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Seitz enjoying his quick ascension in DI coaching ranks

Forest Grove grad Josh Seitz coaches Colleen Quigley to an NCAA steeplechase title


Note: This is the second half of a two-part story. The first part ran in last week’s News-Times.

In the wake of Karen Harvey’s abrupt resignation this past March as the women’s cross-country and track and field distance coach at Florida State, her assistant, Josh Seitz, said there were some pretty heavy hearts in the program — his included.    - Josh Seitz

“She was an extreme mentor for me, so I was pretty devastated,” the 2007 Forest Grove High School graduate says.

But Seitz also quickly started thinking about the path forward. He talked the situation over with volunteer assistant Terry Long, and the two decided they needed to support their athletes. So Seitz geared up to tell head coach Bob Braman that he and Long felt capable of training the female distance runners for the immediate future.

He discovered how Braman felt during a meeting.

“I get into the office and I’m thinking about how I’m going to present it to him,” Seitz recalls. “He walks in and he’s like, ‘As far as I’m concerned, everyone, Josh is the new women’s distance coach for the time being.’”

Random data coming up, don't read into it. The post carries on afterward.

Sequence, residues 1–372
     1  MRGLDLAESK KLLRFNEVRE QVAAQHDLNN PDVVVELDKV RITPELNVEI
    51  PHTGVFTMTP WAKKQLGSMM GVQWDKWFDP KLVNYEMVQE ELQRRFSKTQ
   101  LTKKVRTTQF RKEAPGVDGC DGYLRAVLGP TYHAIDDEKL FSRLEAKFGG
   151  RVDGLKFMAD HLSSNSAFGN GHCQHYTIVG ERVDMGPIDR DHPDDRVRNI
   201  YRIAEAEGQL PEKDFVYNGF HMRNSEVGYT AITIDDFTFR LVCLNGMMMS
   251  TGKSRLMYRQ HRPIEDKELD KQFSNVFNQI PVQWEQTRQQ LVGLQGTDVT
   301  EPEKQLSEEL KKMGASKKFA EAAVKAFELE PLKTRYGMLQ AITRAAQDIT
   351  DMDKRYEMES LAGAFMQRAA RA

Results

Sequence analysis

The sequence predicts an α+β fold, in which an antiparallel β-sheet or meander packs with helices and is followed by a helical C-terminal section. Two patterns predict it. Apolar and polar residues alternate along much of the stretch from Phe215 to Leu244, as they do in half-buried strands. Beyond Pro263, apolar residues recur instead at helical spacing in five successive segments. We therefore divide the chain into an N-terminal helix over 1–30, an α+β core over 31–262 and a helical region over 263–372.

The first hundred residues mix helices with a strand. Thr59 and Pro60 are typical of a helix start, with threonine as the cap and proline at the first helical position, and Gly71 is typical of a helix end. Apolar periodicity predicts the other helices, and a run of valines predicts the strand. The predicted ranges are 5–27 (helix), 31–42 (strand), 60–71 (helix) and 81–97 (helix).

So at the age of 26 and just a few years into his coaching career, Seitz found himself leading his own distance group, albeit on an interim basis.

He got off to a good start. Less than two weeks after the turnover, senior Seminole distance ace Colleen Quigley recorded her highest finish at the NCAA indoor meet, taking third in the mile behind two opponents who broke the meet record, including winner Leah O’Connor of Michigan State.

But that was just a beginning for Quigley — who would eventually turn the tables on O’Connor — and for Seitz.

As it turned out over the spring outdoor season, Seitz and Long, with complementary strengths and personalities, made an outstanding partnership, especially for Quigley. Long, the former Florida State head coach and a skilled hurdles coach, continued to instruct Quigley on hurdling technique for the 3,000-meter steeplechase. Seitz handled the distance training logistics.